Barbara J King
Last Thursday, I spoke with evolutionary biologist Richard Dawkins in a recorded interview at the NPR studios in Washington, D.C. That meeting was suggested by the American arm of the Richard Dawkins Foundation for Reason and Science, in the wake of a post I wrote here at 13.7 last month.
In my original post, I questioned whether Dawkins was the best choice to be headline speaker at the March 24 Reason Rally in Washington, given that one of its goals was to change negative stereotypes about atheists.
Dawkins arrived at the interview not having read my post, which I found odd given that the Foundation had sought our meeting based on my writing. But we went on to have a cordial 23-minute conversation that I hope you will listen to in its entirety.
Among the highlights for me, Dawkins reiterated his well-known stance that evidence-based thinking is the only "respect-worthy" approach to the world. Unapologetic about his willingness to label as "ridiculous" beliefs rooted in faith rather than evidence, he came across as utterly confident in his ability to suss out courageous versus self-deluded ways of thinking.
In insisting that he does not insult people who believe in God, only their beliefs, Dawkins tries for a distinction I find problematic.
On his blog last year, Dawkins called a person named Minor Vidal a "fool" for his expression of thanks to God after surviving a deadly plane crash. (To be fair, Dawkins called "billions" of other people fools, too, in the same post.)
Dawkins told me that if he insulted any person, he regrets it. But this example shows how hard it is, in practice rather than theory, to aim harsh language only at a person's belief, and not at the person.
Another example comes from Saturday's rally. There, Dawkins noted his incredulity when meeting people who believe a Communion wafer turns into the body of Christ during the Eucharist. He then urged his followers to "mock" and "ridicule" that. (He says this 13 minutes into the video, though it's best to watch the whole thing.) His exact words after describing the Catholic ritual, were "Mock them. Ridicule them." So by "them" did he intend to refer to Catholic beliefs, not Catholic people? In context, it doesn't seem so to me.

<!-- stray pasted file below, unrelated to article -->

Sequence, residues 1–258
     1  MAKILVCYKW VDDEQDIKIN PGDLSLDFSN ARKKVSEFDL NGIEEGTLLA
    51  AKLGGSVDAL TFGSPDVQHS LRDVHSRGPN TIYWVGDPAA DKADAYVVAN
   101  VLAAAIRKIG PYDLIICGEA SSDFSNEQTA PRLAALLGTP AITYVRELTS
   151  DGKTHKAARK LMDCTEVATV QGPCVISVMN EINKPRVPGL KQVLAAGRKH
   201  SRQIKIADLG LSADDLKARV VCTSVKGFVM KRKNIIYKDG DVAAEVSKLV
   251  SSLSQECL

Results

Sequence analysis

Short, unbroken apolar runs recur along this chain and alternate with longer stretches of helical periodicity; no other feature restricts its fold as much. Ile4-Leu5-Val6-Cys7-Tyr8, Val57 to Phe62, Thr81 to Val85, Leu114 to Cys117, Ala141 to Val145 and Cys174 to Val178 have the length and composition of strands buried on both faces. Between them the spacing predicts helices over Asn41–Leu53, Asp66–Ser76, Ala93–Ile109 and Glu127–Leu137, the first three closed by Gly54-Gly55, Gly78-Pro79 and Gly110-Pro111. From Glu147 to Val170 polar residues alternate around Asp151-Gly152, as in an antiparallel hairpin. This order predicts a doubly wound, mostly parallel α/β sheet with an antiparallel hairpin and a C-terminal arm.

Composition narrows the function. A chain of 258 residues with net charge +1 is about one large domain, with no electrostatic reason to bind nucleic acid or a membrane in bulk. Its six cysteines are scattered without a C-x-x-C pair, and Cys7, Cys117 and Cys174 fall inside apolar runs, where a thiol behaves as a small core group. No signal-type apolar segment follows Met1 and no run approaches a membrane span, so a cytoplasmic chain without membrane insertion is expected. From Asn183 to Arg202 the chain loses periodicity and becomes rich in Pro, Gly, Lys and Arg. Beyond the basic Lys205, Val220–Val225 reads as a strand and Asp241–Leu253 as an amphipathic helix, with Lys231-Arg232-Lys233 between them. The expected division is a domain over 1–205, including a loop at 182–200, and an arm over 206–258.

How much does that distinction matter? When it comes to religion, does demeaning a person's belief not also demean the person?
Why use demeaning terms, and urge others to use them, for either the belief or the person? Surely it's not adequate justification that some religious people are guilty of the same sin, or worse. Doesn't the embrace of reason compel a person to rise above a grade school calculus of that sort?
I admire many aspects of Dawkins' work. His embrace and explication of evolutionary theory, and the workings of the natural world, are beautiful and necessary. So are his efforts on behalf of secular humanism and the separation of church and state.
As the world's alpha atheist, he takes up for people who are often treated with shock, suspicion and prejudice when they share their atheism with others. Recently, a friend I've known for 23 years told me it made her "shiver" to realize that I'm an atheist. So I personally appreciate Dawkins' willingness to speak publicly in support of people who do not believe in a supernatural world.
My steadfast disagreement with Dawkins emerges from his refusal to see that the expression of faith isn't inevitably a simple-minded approach to living. I'm a big fan of reason. I'm just no fan of the stereotype, embodied by Dawkins, that we atheists equate others' religious faith with a lack of intelligence or courage, or both.
You can keep up with more of what Barbara is thinking on Twitter.